Monday, May 03, 2010

What to do on your day off

Because it was a holiday on the 1st of May, and because of the continued generosity of my employers, I had today off in lieu of taking Saturday off.  This amazed everyone that I told; the idea of gaining a day in lieu seemed a revolutionary idea.  And given as we're in China, we all know what Communists think about revolutions, don't we?

I've been reading Jonathan Fenby's biography of Chiang Kai Shek, and the first six chapters are fairly horrible; if it's not old men deciding to mutilate women out of sheer jealousy or people dying fairly needlessly, there's a succession of stupidities, thoughtlessnesses and mindful cruelty, culminating in Chiang having a go at his wife for being scared when they were on a boat being bombarded by artillery.  I'd like to think that after this opening section, everyone reforms and starts being nice to one another, but I've got a feeling that a happy ending isn't on the cards.
However, that's not all I've been up to today.  Rising from my bed at 9, feeling like I'd been fed through the grinder (strangely, it's my shoulders and arms that really hurt from yesterday's run, rather than my legs), I spent a fruitless hour trying to configure a wireless router, set up a printer, and filed six months' worth of bank statements, while outside the sun shone from a blue sky.  Yes, I really know how to enjoy myself on a day off, and be productive too.

This burst of industriousness collapsed by 11, and by two p.m. all I'd managed to do in addition was to post a small parcel back to the UK and sit on the sofa, opening and closing my mouth from time to time.  I had a nagging feeling that I wasn't using the day to the best of its potential, so I went back to bed.  Of course, after napping for ten minutes, I felt guilty enough to get up, and took a tram into town to drop some books off at Flow, a secondhand bookshop in Central.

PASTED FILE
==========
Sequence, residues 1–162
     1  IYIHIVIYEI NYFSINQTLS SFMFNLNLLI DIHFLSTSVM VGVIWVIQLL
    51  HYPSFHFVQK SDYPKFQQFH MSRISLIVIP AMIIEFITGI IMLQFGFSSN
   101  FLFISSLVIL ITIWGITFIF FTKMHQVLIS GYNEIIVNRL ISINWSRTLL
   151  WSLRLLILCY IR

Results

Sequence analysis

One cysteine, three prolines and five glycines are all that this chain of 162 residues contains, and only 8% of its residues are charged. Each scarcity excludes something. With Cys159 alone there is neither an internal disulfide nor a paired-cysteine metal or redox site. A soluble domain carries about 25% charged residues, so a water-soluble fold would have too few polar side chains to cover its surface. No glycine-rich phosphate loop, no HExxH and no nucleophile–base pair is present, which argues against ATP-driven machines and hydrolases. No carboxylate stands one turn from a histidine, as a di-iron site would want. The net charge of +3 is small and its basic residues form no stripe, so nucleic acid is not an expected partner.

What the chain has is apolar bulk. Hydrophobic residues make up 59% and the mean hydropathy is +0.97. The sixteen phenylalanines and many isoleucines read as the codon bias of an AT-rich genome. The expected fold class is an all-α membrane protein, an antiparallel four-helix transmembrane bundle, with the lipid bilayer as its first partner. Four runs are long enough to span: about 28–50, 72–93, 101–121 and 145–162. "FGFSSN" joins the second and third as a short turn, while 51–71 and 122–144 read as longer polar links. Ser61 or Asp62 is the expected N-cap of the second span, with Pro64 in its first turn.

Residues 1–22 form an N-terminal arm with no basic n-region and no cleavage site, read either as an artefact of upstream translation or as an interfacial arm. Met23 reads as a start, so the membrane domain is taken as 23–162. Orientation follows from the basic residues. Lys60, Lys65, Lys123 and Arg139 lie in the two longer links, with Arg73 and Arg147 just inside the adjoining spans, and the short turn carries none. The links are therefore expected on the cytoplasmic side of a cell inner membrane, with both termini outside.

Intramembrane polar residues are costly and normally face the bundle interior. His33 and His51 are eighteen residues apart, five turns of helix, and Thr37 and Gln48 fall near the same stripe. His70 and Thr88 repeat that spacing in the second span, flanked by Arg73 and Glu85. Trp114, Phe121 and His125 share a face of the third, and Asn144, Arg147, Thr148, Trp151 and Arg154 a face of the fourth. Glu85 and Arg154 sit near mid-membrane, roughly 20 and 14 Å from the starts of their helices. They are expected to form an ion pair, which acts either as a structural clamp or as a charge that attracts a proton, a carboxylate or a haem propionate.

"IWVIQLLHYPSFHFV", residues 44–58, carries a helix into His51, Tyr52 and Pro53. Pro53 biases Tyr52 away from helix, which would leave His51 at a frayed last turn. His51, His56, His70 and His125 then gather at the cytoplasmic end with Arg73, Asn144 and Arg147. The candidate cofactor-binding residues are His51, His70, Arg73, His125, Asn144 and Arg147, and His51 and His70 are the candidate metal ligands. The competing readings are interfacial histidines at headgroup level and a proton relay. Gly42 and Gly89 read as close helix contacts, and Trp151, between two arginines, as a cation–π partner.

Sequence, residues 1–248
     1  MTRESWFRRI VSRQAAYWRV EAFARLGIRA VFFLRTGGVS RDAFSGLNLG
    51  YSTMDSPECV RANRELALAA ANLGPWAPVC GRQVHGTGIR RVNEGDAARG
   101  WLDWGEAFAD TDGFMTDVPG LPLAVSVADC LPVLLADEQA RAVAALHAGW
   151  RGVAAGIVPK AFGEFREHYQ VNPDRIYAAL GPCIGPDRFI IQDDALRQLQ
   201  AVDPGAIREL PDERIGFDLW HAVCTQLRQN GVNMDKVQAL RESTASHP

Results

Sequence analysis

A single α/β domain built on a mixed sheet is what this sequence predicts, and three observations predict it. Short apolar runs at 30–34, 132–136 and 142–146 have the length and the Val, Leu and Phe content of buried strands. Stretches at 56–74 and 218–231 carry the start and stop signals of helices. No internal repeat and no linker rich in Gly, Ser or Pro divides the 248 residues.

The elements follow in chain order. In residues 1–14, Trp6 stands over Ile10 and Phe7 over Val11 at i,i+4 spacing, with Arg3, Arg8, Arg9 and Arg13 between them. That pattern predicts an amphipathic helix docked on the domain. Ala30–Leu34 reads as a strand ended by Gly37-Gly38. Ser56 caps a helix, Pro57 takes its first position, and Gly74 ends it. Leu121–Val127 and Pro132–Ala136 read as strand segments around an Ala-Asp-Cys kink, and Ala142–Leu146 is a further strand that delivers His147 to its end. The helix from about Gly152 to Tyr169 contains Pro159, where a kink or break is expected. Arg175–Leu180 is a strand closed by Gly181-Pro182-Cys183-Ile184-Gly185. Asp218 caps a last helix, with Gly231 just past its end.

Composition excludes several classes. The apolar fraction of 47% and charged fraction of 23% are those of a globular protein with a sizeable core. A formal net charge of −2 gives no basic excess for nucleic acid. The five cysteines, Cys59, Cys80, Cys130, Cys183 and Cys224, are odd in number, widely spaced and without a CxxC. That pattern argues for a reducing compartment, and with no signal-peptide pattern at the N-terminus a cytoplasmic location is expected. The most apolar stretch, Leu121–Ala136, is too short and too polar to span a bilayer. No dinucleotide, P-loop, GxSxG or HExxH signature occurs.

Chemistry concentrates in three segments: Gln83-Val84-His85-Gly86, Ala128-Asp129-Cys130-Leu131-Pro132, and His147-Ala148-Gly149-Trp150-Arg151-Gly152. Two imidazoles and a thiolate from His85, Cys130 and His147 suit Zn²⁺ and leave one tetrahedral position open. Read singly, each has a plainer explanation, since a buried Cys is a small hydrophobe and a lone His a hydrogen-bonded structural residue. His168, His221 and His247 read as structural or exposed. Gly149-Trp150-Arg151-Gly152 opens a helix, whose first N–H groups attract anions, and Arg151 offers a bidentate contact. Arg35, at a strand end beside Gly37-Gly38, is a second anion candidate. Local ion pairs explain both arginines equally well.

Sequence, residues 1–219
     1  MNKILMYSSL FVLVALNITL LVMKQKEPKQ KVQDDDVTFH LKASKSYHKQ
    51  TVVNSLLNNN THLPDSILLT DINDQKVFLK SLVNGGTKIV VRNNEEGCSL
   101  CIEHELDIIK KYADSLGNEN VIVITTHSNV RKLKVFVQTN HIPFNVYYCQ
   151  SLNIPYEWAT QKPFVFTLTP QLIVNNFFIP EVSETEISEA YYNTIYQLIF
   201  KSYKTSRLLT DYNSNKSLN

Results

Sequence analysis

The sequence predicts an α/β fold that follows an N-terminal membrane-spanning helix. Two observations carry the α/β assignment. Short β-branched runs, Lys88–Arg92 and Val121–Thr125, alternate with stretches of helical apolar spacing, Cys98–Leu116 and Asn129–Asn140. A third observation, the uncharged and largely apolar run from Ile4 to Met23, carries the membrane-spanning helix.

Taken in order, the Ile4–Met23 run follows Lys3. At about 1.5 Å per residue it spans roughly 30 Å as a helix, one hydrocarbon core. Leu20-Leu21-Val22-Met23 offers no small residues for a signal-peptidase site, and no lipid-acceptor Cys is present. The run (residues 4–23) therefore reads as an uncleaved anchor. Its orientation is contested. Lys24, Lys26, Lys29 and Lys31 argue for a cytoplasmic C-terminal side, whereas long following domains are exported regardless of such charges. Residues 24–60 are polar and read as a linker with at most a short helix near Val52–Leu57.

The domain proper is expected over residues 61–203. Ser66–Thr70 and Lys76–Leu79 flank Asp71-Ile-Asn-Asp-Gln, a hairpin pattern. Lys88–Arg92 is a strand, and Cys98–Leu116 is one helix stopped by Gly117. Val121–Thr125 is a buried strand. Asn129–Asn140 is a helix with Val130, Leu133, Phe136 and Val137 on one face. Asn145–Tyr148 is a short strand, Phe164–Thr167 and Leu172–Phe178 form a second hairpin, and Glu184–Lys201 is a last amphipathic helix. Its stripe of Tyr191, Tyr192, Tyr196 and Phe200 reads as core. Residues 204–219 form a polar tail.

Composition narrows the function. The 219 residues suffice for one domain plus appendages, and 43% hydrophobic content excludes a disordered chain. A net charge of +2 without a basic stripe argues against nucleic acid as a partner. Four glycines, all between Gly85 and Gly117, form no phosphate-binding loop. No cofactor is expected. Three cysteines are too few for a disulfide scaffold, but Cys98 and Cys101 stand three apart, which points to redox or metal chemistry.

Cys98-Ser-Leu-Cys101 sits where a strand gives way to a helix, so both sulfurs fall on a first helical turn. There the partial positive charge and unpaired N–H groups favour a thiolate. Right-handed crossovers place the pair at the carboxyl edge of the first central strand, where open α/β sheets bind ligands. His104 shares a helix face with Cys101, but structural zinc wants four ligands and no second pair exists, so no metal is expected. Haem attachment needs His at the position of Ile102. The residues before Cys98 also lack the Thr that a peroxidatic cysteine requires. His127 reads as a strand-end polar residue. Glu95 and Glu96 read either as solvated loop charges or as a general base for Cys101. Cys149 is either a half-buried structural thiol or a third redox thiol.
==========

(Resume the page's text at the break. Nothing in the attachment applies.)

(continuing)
There's a strange sort of alchemy going on here, that turns twenty books into 120 dollars.  It makes me wish that I bought all my books secondhand, and didn't thus feel like taking books to Flow after I've read them was such a reduction in the worth of my household.  But on the positive side, I have another 120 dollars to spend on guacamole and such.

Since I was in town, I wandered down to California Fitness to sign up.  After my previous negotiations, I thought I'd sign up for a year after all, because from what I'd been told, the second six months would be free.  As it turned out, the second year was free.  This struck me as an even stranger negotiation tactic than the previous one.

"I'd like to buy a cake, please."
"That will be fifty dollars."
"Fine, here's fifty dollars."
"Thank you.  And here's your two cakes."

What I hadn't realised was that this was just a vector to acquire me as a customer of the personal training department.  Having nominally saved eight thousand dollars on gym membership for the second year, I'd obviously be really happy to commit to fifty thousand dollars worth of personal training for a year, when I hadn't even met the personal trainer yet.

Or maybe I had.  Rotbert was still coughing and sniffing as he explained all this to me.  He started off with the year plan, then worked down to six months, then to three months, then to a week, but I kept resisting.  After all, I don't really need somebody to tell me to go on the rowing machine until I'm sick over myself, do I?

On the other hand, there was the threat that the cost of the personal trainer would soon go up, to eighty thousand for the year.  So I'd be saving thirty thousand by signing up now.

I was almost convinced, until I remembered I'd be saving eighty thousand by not signing up at all.  And let's face it, you can buy an awful lot of cake with eighty thousand dollars.

Although if I do eat eighty thousand dollars' worth of cake, maybe I will need some personal training.  It's so very confusing...


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